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Honors' Psychology week 3 notes

by: Douglas Rutana

Honors' Psychology week 3 notes PSYC 1560H

Marketplace > Youngstown State University > Psychology (PSYC) > PSYC 1560H > Honors Psychology week 3 notes
Douglas Rutana

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About this Document

These notes cover mostly chapter 3.
Honors' Psychology
Dr. Lindberg
Class Notes
Psychology, Intro to Psychology
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This 7 page Class Notes was uploaded by Douglas Rutana on Sunday September 11, 2016. The Class Notes belongs to PSYC 1560H at Youngstown State University taught by Dr. Lindberg in Fall 2016. Since its upload, it has received 49 views. For similar materials see Honors' Psychology in Psychology (PSYC) at Youngstown State University.


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Date Created: 09/11/16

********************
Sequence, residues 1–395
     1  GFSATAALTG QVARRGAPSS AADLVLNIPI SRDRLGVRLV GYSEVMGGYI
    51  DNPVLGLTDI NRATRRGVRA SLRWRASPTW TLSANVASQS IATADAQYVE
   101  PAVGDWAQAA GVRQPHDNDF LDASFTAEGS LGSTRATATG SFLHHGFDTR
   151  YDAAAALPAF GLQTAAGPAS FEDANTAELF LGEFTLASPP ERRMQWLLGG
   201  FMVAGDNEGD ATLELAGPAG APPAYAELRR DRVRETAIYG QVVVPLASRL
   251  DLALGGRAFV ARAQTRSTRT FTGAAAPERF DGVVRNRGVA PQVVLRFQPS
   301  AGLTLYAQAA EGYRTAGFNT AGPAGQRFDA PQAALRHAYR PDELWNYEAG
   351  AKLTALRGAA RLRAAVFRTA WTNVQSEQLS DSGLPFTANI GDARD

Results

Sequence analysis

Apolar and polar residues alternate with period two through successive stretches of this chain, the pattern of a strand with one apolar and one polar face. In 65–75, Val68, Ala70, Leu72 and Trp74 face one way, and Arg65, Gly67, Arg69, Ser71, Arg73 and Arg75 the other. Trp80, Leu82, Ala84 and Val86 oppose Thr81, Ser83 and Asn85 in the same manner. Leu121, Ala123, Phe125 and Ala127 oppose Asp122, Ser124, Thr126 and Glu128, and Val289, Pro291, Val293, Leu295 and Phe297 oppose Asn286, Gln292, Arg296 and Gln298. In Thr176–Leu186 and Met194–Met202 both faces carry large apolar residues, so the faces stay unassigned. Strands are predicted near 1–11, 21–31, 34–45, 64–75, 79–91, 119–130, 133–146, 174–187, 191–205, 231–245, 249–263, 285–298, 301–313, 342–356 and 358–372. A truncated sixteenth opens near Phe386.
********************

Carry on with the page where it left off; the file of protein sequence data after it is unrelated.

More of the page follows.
Neurons Friday, September 2, 2016 10:06 AM  What are the basic elements of the nervous system?  How does the nervous system communicate electrical and chemical messages from one part of to another?  Neurons - nerve cells, the basic elements of the nervous system o Consist of a cell body that contains a nucleus o Physically held in place by glial cells which  Provide nourishment to neurons and insulate them  Help repair damage  Support and speed up functioning o Distinctive feature of neurons  Ability to communicate with other cells  Transmission of information across relatively long distances o Parts of the neurons  Dendrite- cluster of fibers at one end of a neuron that receives messages from other neurons  Axon- part of the neuron that carries messages destined for other neurons  Terminal buttons- small bulges at the end of axons that send messages to other neurons  Myelin sheath- protective coat of fat (glial cells) and protein that wraps around the axon  How Neurons Fire o Neurons follow an all-or-none law: rule that neurons are either on or of o Resting state- state which there is a negative electrical charge of about -70 millivolts within a neuron o Action potential- electric nerve impulse that travels through a neuron's axon when it is set of by a "trigger", changing the neuron's charge from a negative to positive  Speed of transmission o Speed at which an action potential travels along an axon is determined by the:  Axon's size  Thickness of the myelin sheath o Neurons difer in terms of  Quickness of an impulse moving along the axon  Potential rate of firing o Intensity of a stimulus determines how much of a neuron's potential firing rate is reached  Where Neurons Meet: Bridging the Gap o Synapse: Space between 2 neurons where the axon of a sending neuron communicates with the dendrites of a receiving neuron by using chemical messages o Neurotransmitters: chemicals that carry messages across the synapse to the dendrite (and sometimes the cell body) of a receiver neuron o Types of chemical messages  Excitatory messages: makes it more likely that a receiving neuron will fire and an action potential will travel down its axon  Inhibitory messages: prevents or decreases the likelihood that a receiving neuron will fire o Every Neuron is not capable of receiving the chemical message carried by a neurotransmitter  Successful chemical communication is possible only when a neurotransmitter fits precisely into a receptor site o Neurotransmitters remaining at the site of the synapse lead to:  Receiving neurons awash, in a continual chemical bath  Producing constant stimulation or constant inhibition of the receiving neurons  Efective communication across the synapse would no longer be possible o Reuptake: reabsorption of neurotransmitters by a terminal button  Acetylcholine - neurons that instruct muscles to contract  Dopamine- dopamine circuits support anticipation of rewards, motor control, and controlled cognition  Serotonin- used in brain areas that regulate sleep cycles, mood, memory, and learning Neurotransmitters Wednesday, September 7, 2016 10:02 AM  Serotonin o Used in brain areas that regulate sleep cycles, mood, memory, and learning  Endorphins o Modulate senses of pain and pleasure, as well as feelings like "runner's high" Module 6 Wednesday, September 7, 2016 10:07 AM How are the structures of the nervous system linked? Central and Peripheral Nervous System  Central Nervous system (CNS) o Part of the nervous system that includes brain and spinal cord  Spinal cord- bundle of neurons that leaves the brain and runs down the back  Main means of transmitting messages between the brain and body  Controls simple behaviors on its own, w/o any help from brain  Reflex: automatic, involuntary response to incoming stimulus  Kinds of neurons involved in reflex o Sensory (aferent) neurons- transmit info from the perimeter of the body to CNS  Brings about the sensation o Motor (eferent) neurons- communicate info from the nervous system to muscles and glands  Causes change  Peripheral Nervous System o Made up of neurons with long axons and dendrites, it branches out from the spinal cord and brain and reaches the extremities of the body o Includes:  Somatic- specializes in the control of voluntary movements and the communication of info to and from the sense organs  Autonomic- controls involuntary movement of the heart, glands, lungs, and other organs  Activating the Divisions of the autonomic nervous system o Autonomic nervous system consists of  Sympathetic division - acts to prepare the body for action in stressful situations, engaging all the organisms resources to respond to a threat  Parasympathetic division - acts to calm the body after an emergency has ended The Endocrine System: Of chemicals and glands  Endocrine system: chemical communication network that sends messages throughout the body via the bloodstream  Hormones: chemicals that circulate through the blood and regulate the functioning or growth of the body  Pituitary Gland: major component of the endocrine system, "master gland" o Secretes hormones that control growth and other parts of the endocrine system Module 7: The Brain Wednesday, September 7, 2016 10:27 AM Studying the brain's structure and functions: spying on the brain  Electroencephalogram (EEG) o Records electrical activity in the brain through electrodes placed on the outside of the skull  Functional Magnetic Resonance Imaging (fMRI) o Provides detailed 3d computer image of the brain structures and activity by aiming a powerful magnetic field at the body  Positron Emission Tomography (PET) o Shows biochemical activity within the brain at a given moment  Transcranial Magnetic Stimulation (TMS) o Causes a momentary interruption of electrical activity by exposing a tiny region of the brain to a strong magnetic field "Old Brain"  Central Core  Controls basic functions such as eating and sleeping and is common to all vertebrates  Hindbrain o Medulla - controls critical body functions o Pons - bridge in the hindbrain  Acts as a transmitter of motor info  Involved in regulating sleep o Cerebellum - part of the brain that controls bodily balance  Reticular Formation - extends from the medulla through the pons, passing through the midbrain and forebrain  Thalamus - part located in the middle of the central core that acts primarily to relay info about the senses  Hypothalamus - tiny part of the brain, located below the thalamus, maintains homeostasis and produces and regulates vital behavior o Maintain homeostasis o Produces and regulates behavior that is critical The Limbic System: "Beyond the central Core"  Limbic system - part of the brain that controls eating aggression and reproduction o Consists of amygdala and hippocampus o Plays important role in learning and memory, along with hippocampus o Otherwise referred to as "animal brain", due to similarities in structures and functions to those of other mammals The Cerebral Cortex: "The New Brain"  Responsible for the most sophisticated information processing in the brain  Lobes: 4 major sections o Frontal - front part  Latest to fully develop  Reasoning, problem solving, etc..  Motor cortex in the back of the frontal lobe o Parietal- behind frontal lobe  Sensory cortex - feel sensations, etc.. o Temporal - sides of the new brain  Processing of auditory sound, understand and produce language o Occipital - in the back  Primary visual cortex, detecting movement, processing color, processing vision  Visual information  Motor area: responsible for the body's voluntary movement  Sensory area: site of tissue that corresponds to each of the senses, with the degree of sensitivity related to the amount of tissue  Association areas: site of higher mental processes o Thought, language, memory, speech Neuroplasticity and the brain  Neuroplasticity o Changes in the brain that occur throughout the life span relating to the addition of new neurons o New interconnections between neurons o Reorganization of information-processing areas  Neurogenesis - creation of new neurons in certain areas of the brain during adulthood  If the brain is damaged especially in the general association areas of the cortex o The brain does not repair damaged neurons, BUT it can restore some functions o It can form new connections, reassign existing networks, and insert new neurons, some grown from stem cells The specialization of the hemispheres: 2 brains or one?  Brain is divided into two roughly mirror-image halves  Hemispheres: symmetrical left and right halves of the brain that control the side of the body opposite their location  Lateralization: dominance of one hemisphere of the brain in specific functions o language